Engineering topics allow students to solve problems across a variety of fields, and as a result, they appeal to teenagers with a range of abilities and interests, said Steve Meyer, a teacher from the 900-student Brillion district, in Wisconsin.

Mr. Meyer, who teaches engineering topics in his district, located south of Green Bay, spoke at a Washington forum hosted by the National Academy of Engineering on the day of the report’srelease. In his classes, the teacher explained, students often find themselves tackling math and science concepts through a range of problem-solving exercises drawn from aviation, manufacturing, and other areas.

“We teach breadth, not depth,” Mr. Meyer told the audience, in describing the range of topics covered. “You find that if these students are able to find something they’re interested in, ... the educational process no longer becomes a chore.”

Related Tags:

A version of this article appeared in the September 16, 2009 edition of Education Week as Panel Urges Engineering Be Added to Curriculum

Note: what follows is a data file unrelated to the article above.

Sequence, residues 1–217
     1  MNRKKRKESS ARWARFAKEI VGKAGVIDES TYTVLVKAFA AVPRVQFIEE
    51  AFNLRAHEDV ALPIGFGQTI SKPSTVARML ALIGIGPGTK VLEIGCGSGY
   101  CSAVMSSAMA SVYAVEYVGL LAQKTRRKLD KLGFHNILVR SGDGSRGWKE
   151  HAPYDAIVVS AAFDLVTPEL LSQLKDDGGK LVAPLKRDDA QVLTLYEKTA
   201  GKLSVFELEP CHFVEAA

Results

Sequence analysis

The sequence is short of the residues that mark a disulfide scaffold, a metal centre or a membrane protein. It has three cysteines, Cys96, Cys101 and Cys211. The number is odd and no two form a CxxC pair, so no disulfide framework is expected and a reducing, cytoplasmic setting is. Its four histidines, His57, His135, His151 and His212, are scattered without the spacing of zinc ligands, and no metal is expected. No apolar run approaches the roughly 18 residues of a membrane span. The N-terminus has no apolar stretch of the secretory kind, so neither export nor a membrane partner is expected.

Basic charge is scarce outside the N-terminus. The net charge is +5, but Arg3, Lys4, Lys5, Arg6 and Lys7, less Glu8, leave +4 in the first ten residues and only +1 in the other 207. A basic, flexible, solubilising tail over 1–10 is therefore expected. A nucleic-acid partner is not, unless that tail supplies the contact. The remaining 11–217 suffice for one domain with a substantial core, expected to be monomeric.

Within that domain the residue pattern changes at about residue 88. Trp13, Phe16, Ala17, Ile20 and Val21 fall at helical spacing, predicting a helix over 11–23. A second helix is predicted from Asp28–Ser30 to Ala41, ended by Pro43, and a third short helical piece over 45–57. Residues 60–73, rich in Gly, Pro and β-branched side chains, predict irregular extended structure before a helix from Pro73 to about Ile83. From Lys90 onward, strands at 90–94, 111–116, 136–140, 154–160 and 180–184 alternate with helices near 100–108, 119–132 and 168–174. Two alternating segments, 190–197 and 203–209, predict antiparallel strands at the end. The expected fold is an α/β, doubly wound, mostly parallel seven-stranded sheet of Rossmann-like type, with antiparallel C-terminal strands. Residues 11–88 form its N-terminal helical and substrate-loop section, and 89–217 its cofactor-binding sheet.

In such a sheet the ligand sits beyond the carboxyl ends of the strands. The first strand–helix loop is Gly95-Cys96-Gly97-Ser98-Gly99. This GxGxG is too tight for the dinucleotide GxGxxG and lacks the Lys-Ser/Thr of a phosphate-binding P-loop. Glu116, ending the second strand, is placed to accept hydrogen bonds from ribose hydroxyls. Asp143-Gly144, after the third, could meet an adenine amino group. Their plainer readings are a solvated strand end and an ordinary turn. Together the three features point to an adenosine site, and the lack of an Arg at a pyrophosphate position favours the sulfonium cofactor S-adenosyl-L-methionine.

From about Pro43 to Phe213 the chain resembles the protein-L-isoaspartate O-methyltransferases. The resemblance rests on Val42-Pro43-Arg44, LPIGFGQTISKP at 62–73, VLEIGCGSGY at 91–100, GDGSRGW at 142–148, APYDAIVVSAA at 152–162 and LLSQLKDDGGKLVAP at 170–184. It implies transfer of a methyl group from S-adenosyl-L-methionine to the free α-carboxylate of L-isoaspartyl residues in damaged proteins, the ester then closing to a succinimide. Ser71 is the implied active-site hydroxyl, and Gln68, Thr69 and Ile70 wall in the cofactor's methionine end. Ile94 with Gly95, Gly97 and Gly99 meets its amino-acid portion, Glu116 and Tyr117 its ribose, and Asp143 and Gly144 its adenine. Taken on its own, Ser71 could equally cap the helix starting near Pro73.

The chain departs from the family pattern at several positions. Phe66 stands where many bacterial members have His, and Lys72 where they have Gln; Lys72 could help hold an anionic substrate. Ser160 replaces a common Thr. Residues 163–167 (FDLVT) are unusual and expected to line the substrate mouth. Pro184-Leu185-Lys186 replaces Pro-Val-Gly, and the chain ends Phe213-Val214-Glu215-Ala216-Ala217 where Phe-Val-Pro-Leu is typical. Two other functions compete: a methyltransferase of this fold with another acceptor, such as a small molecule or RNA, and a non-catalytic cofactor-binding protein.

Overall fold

Events

Jobs Virtual Career Fair for Teachers and K-12 Staff
Find teaching jobs and other jobs in K-12 education at the EdWeek Top School Jobs virtual career fair.
English-Language Learners Webinar English Learners and the Science of Reading: What Works in the Classroom
ELs & emergent bilinguals deserve the best reading instruction! The Reading League & NCEL join forces on best practices. Learn more in our webinar with both organizations.
This content is provided by our sponsor. It is not written by and does not necessarily reflect the views of Education Week's editorial staff.
Sponsor
Teaching Webinar
Challenging the Stigma: Emotions and STEM
STEM isn't just equations and logic. Join this webinar and discover how emotions fuel innovation, creativity, & problem-solving in STEM!
Content provided by Project Lead The Way

EdWeek Top School Jobs

Teacher Jobs
Search over ten thousand teaching jobs nationwide — elementary, middle, high school and more.
View Jobs
Principal Jobs
Find hundreds of jobs for principals, assistant principals, and other school leadership roles.